In the final song of the musical Hamilton, Alexander’s wife, Eliza, recounts how she worked to keep her husband’s legacy alive. The ensemble also recounts Eliza’s accomplishments over the fifty years since Alexander’s death in a duel in 1804.
As Eliza sings the last note and just before the stage goes dark, she emits a gasp. According to one interpretation I read, at that moment in the show, she has broken through the fourth wall and is surprised and satisfied to witness a captive audience listening to her story.
There is a satisfaction in telling stories, especially when they are our own. Think of how many stories you have told. How many more you carry. Hundreds? Thousands? Do we collect a new story every day?
A few years ago for Mother’s Day, I gave my mother a blank journal, and asked her to write stories about her life.
Why don’t I just tell you my stories and you can write them? she asked. You’re the writer.
It was my mother’s inclination to writing and grammar that led me to study English. She is also a great story teller.
Just set aside an hour and write about one specific memory, one story, I said. It doesn’t have to be an autobiography.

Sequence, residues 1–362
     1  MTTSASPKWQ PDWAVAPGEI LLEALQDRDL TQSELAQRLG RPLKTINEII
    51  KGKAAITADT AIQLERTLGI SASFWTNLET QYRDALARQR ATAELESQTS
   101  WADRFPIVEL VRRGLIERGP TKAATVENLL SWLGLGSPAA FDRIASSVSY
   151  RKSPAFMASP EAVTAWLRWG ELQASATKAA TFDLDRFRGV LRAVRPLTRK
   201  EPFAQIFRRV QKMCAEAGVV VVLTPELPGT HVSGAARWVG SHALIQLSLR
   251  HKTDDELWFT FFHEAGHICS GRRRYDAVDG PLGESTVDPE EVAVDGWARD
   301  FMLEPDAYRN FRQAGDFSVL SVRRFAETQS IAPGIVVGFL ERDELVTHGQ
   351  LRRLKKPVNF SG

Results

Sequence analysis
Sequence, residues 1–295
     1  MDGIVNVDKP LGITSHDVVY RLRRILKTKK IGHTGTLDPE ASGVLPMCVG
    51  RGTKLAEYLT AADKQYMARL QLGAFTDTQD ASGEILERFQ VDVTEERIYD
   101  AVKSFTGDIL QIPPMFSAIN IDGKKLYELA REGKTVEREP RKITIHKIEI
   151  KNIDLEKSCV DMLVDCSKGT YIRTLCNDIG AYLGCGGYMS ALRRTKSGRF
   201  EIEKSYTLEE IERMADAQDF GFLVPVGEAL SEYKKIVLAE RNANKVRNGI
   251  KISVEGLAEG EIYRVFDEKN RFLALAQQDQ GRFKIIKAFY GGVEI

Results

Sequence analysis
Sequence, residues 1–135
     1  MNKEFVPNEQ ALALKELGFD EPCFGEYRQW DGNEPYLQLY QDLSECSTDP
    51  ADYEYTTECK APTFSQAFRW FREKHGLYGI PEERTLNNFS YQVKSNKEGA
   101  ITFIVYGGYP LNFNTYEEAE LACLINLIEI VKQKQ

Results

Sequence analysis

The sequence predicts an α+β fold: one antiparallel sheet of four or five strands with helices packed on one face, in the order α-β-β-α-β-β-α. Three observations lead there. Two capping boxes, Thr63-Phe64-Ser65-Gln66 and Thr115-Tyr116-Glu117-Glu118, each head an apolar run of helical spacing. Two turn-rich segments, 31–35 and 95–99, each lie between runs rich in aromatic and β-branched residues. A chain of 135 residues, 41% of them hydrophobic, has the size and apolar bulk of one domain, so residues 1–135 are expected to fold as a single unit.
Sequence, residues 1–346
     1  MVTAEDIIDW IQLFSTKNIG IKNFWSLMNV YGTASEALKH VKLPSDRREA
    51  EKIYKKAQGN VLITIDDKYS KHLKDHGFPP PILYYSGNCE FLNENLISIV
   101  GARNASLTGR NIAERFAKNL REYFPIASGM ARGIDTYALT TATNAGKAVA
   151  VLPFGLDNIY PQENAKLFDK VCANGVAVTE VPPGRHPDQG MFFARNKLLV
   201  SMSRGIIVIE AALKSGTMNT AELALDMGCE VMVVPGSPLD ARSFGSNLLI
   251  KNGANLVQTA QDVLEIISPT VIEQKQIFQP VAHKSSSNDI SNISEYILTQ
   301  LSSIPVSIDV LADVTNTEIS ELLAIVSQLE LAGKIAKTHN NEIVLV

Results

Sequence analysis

A few days later my mother called and read a story she had written about a pair of shoes she bought for Easter when she was a child. It was priceless, complete with colors and feelings that only could have come from her.
I believe that personal stories are like fingerprints. The more details we can recall from them, the more unique they are.
So, how do we write our stories? I like the vehicle of poetry. If done well, a poem is a morsel, rich with imagery and feeling. If you prefer long-hand, creative non-fiction is also an effective medium for telling our stories.
The important thing is to follow the Nike maxim and just do it.
In her book on writing, Bird By Bird, Anne Lamott relates her father’s advice to her brother for completing an ornithological report that was due in class the next day.
Bird by bird, buddy. Just take it bird by bird.